Having a healthy garden and landscape involves more than just planting, trimming, and watering. Sometimes, perennials need a bit of help to keep them growing healthy and full. One of the best tasks one can do during the spring or late summer is to divide perennials. Here is a handy guide on the why, when, and how of the matter.
Benefits of Dividing Perennials
Over time, perennials can start to thin out or produce smaller blooms. You might begin to see bald spots or plants that are falling over due to top-heaviness. It’s time to divide your perennials!
Dividing perennials can solve these problems and more. First, it can either help you increase the number of plants in your flower bed or alleviate an overcrowded bed. Dividing older, larger plants into smaller ones can encourage new growth and better performance. Alternatively, it can allow for more room for roots to breathe and spread out.
This procedure can also help to control the growth of some plants; creating smaller plants out of one large one restarts growth and keeps plants smaller and stunt rapid spreading.
When to Divide Perennials
It is best to do this task or hire someone to do it after a rainy spell on a cloudy day. Dividing the plants on a hot, sunny day can dry out the roots to their demise. You also want the soil to be moist before working, so water it generously the day before if it is very dry.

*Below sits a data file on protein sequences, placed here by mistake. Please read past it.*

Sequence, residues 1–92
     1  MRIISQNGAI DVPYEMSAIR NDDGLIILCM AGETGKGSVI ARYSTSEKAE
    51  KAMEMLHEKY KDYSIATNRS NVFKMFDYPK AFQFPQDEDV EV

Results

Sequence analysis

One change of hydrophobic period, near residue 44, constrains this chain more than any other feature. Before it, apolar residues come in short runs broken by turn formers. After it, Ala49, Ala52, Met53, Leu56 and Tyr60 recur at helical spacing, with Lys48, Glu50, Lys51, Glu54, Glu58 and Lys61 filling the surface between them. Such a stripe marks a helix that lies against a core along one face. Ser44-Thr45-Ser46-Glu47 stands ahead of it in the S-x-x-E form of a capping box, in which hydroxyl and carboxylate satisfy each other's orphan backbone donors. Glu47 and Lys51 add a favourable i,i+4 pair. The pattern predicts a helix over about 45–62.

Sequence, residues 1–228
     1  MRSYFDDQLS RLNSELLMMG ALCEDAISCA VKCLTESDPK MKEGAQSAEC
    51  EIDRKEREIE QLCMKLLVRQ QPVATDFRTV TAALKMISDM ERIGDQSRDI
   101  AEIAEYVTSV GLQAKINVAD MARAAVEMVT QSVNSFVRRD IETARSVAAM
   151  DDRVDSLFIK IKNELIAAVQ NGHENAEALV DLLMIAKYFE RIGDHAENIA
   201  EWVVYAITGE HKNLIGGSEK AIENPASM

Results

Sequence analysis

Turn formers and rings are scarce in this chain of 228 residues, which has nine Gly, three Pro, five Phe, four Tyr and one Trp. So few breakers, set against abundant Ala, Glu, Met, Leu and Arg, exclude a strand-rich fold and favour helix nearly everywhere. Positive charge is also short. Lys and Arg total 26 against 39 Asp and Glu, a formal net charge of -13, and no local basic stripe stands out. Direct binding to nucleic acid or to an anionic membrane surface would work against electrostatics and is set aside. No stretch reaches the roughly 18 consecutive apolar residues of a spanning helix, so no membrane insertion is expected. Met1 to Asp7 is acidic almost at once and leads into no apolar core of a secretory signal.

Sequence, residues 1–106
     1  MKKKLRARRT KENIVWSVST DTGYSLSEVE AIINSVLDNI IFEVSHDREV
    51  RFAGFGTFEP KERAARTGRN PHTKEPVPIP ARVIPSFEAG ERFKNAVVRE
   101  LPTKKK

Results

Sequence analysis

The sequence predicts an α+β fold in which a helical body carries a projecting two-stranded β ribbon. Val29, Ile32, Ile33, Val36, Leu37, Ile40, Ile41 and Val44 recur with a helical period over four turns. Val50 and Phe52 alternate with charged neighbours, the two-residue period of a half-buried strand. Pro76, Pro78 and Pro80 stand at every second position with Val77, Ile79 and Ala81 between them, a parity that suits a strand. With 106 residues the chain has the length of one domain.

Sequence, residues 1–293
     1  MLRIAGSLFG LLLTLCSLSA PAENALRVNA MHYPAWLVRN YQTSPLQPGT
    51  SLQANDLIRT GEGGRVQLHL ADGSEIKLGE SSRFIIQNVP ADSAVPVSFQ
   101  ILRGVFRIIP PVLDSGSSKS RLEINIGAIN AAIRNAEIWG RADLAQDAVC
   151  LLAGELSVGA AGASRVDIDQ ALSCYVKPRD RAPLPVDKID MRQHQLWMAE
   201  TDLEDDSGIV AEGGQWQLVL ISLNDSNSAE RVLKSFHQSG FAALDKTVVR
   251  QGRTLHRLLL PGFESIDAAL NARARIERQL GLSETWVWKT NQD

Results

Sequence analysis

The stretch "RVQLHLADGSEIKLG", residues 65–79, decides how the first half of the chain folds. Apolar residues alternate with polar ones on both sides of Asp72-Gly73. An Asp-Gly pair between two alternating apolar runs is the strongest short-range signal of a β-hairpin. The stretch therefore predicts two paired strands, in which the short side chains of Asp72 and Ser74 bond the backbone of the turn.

Divide fall-flowering plants in the spring. You want to avoid dividing plants when they are blooming so they can focus their energy in growing new roots and shoots. Plus, new spring leaves won’t suffer as much as fully-grown ones in fall. After dividing the roots in spring, your fall-flowering plants will have all summer and fall to recover.
Divide spring-flowering plants in the fall, after their blooming season is over. It isn’t as hard to divide plants in the fall or late summer because there is less gardening to do anyway, and it will be easier to see what patches are bare or overcrowded.
How to Divide Perennials
To divide perennials, dig up the parent plant with a spade or fork. Get rid of the excess dirt and locate where the most obvious segments are. Each segment should have at least one shoot and a healthy root system. Gently break these segments apart and make sure to remove any diseased portions with sanitized tools. Plant the segments back into your desired locations and water them well.
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